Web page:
The Life Cycles of Bed Bugs
Stage 1: Eggs
As is the case with many insects, reptiles, birds, and even mammals, bed bugs begin their lives as simple eggs. The amount of meals a female bedbug has access to directly effects the number of eggs she is able to lay. From a single blood meal, females can lay between 5 – 20 eggs total, and between 1 – 7 in a single day. After roughly 10 days, the female will need to feed again in order to continue producing eggs.
The females are rarely picky about the location of their egg laying, sometimes laying them in groups and sometimes laying single eggs anywhere she wanders. When undisturbed, the eggs typically have a survival rate of 97% and will hatch between 4 – 12 days (6 – 9 on average) depending on the temperature of the atmosphere.
In completely optimal conditions, females can produce enough eggs to double their population every 16 days and can up to 200 eggs in a lifetime. This is why bed bug problems can quickly get WAY out of hand.
Stage 2: Nymphs
Once hatched, baby bed bugs are referred to as nymphs. They are smaller than adults and appear yellow and waxy. The nymphs go through 5 different stages known as instars and each instar ends when the arachnid molts, growing larger. Each instar requires a warm-blooded meal from a host in order to molt and will typically make the change within 5 days following the meal.
Similar to their hatching times as an egg, nymph’s development is dependent on temperature and other favorable ambient conditions. On average however, the total development from freshly hatched nymph, through their 5 instars, and into adulthood takes roughly 37 days.
While the survival rate of eggs stands at 97%, the likelihood of nymphs surviving into adulthood is less, with only about 80 percent surviving to be able to reproduce.
Stage 3: Adults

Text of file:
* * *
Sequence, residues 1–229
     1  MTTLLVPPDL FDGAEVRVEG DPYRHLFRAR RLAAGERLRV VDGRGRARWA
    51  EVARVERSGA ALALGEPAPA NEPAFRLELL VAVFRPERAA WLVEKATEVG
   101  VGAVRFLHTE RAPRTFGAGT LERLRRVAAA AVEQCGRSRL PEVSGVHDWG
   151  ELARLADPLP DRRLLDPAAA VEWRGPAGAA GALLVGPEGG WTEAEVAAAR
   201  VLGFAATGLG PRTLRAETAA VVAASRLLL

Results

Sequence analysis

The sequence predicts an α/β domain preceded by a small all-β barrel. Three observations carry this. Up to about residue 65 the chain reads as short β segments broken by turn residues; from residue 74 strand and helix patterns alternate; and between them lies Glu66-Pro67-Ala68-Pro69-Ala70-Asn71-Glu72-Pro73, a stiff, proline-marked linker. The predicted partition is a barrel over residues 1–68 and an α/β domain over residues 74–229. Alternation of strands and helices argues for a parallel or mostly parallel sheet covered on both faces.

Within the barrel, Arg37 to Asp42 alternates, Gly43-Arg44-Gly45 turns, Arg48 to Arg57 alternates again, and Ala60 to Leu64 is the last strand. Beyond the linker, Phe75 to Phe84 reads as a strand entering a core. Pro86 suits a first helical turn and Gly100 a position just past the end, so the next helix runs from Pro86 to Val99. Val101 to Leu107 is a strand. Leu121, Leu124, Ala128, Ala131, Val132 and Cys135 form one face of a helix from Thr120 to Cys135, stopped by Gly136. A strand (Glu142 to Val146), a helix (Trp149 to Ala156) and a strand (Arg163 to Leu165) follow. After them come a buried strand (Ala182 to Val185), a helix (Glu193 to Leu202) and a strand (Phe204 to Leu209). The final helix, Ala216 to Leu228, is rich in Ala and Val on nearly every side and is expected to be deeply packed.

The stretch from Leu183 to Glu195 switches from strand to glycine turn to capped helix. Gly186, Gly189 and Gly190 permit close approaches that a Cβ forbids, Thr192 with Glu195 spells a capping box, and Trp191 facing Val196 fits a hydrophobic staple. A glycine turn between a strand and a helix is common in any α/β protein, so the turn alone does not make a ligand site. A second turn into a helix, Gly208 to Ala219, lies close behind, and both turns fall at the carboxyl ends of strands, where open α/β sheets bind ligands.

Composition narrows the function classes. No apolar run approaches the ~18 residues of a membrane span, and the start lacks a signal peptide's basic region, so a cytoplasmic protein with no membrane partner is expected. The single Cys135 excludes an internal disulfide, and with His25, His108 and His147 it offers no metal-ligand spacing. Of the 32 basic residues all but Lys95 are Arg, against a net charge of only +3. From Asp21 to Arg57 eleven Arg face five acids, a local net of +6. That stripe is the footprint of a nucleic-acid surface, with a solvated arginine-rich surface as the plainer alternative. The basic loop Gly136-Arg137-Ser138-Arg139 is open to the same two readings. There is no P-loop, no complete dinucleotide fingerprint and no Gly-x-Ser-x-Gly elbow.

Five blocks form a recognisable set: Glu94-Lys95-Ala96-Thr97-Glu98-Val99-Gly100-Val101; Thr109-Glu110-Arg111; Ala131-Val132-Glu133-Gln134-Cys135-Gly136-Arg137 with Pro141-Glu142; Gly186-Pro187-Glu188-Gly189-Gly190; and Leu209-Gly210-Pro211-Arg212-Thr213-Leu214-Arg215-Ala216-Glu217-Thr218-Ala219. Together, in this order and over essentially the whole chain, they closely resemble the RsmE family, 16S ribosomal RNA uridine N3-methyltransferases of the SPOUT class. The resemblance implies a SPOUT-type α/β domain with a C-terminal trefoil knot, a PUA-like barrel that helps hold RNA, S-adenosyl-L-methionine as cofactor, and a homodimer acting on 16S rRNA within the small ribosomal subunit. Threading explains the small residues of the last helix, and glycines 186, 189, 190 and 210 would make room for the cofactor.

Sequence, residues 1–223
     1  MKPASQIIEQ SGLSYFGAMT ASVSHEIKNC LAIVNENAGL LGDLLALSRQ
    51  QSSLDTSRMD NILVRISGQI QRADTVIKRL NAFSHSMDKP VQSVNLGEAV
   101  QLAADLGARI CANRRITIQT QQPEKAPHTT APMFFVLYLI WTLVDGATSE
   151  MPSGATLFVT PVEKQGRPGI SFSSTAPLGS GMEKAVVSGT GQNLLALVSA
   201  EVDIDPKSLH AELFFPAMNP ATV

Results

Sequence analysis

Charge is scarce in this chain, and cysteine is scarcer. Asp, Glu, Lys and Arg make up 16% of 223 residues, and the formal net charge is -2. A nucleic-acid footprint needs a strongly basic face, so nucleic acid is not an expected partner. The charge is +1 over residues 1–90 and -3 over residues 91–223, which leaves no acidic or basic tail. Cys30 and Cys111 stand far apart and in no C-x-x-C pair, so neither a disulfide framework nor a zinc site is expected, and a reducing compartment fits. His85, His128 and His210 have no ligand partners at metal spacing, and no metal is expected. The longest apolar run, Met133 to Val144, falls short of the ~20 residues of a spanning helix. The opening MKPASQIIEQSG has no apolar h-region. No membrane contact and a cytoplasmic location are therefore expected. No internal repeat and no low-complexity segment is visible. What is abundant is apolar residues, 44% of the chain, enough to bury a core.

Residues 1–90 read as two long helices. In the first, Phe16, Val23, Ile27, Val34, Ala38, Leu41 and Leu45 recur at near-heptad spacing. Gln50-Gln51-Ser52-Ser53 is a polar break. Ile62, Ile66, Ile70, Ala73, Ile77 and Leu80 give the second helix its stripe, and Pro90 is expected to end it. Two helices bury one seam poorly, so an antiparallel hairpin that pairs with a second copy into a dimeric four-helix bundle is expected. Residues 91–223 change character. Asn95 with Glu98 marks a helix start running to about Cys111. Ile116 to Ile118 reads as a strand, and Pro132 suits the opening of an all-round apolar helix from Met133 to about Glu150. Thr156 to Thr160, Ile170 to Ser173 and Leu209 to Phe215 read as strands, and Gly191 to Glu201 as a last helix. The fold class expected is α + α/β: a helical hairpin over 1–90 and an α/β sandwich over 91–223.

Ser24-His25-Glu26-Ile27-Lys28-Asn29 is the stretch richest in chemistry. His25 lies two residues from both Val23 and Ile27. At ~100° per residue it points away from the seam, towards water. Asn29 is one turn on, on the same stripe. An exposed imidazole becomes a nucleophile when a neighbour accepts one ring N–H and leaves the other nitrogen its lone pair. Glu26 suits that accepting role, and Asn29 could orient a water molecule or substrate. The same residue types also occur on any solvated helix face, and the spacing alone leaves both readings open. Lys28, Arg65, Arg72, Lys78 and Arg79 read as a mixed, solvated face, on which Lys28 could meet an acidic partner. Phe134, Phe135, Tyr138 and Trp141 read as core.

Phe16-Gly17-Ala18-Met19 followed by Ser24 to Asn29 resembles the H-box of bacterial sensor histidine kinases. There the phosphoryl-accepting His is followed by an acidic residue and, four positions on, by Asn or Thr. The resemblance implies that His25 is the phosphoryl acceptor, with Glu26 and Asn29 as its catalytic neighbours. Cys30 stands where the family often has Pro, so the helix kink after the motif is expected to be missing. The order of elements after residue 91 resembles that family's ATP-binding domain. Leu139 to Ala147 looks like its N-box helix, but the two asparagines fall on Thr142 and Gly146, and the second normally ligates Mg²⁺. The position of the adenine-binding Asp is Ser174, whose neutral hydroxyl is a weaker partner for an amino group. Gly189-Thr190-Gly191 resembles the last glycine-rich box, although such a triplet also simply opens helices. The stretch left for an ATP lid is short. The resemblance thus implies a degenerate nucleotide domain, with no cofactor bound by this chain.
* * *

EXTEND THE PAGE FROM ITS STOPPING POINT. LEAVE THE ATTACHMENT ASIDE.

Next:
Adult bed bugs are reddish-brown in color with flat, oval-shaped bodies. They measure about 3/16 inches in length and are flat similar to an apple seed. After a sanguine meal, they are swollen and red, more rotund.
On average, adults live between 6-12 months, although in optimal conditions some can live longer. They are also capable of surviving very long time periods without indulging in any blood meals, making them very difficult to starve out.
To treat your home for bed bugs with a traditional chemical treatment requires a minimum of 2-3 visits to target the bugs as they mature. This is because chemical treatments are not effective on bedbug eggs. So, while it may appear as though the problem has disappeared once the adults stop biting, it’s only a matter of time before the eggs begin to hatch and the nymphs start searching for their blood meals. Then, it’s difficult to retreat in time as the eggs will hatch at different times and continuously spraying chemicals in your home, especially in your bed, is not at all ideal.
That is why heat is our weapon of choice to combat beg bugs! Intense heat will kill both adult bed bugs and their eggs. This treatment is also ecofriendly and safe, which is why it has quickly become the leading defense against bed bugs today. The infected area must be heated to at least 115°F (46°C). Once the area has reached this heightened temperature, it must be maintained for roughly 10 minutes, which is ample time for the little creepy crawlers to expire from exposure to the heat.
Bed Bugs (2017) The Centers for Disease Control and Prevention. U.S. Department of Health and Human Services. Available at: https://www.cdc.gov/dpdx/bedbugs/index.html (Accessed: August 2020).
Gannon, M. (2017) Bedbugs: Facts, Bites and Infestation, LiveScience. Available at: https://www.livescience.com/42297-bed-bugs-facts-information.html (Accessed: August 2020).
Miller, D. M. and Polanco, A. (no date) Bed Bug Biology and Behavior, The Department of Entomology at Virginia Tech. Virginia Department of Agriculture and Consumer Services. Available at: http://www.vdacs.virginia.gov/pdf/bb-biology1.pdf (Accessed: August 2020).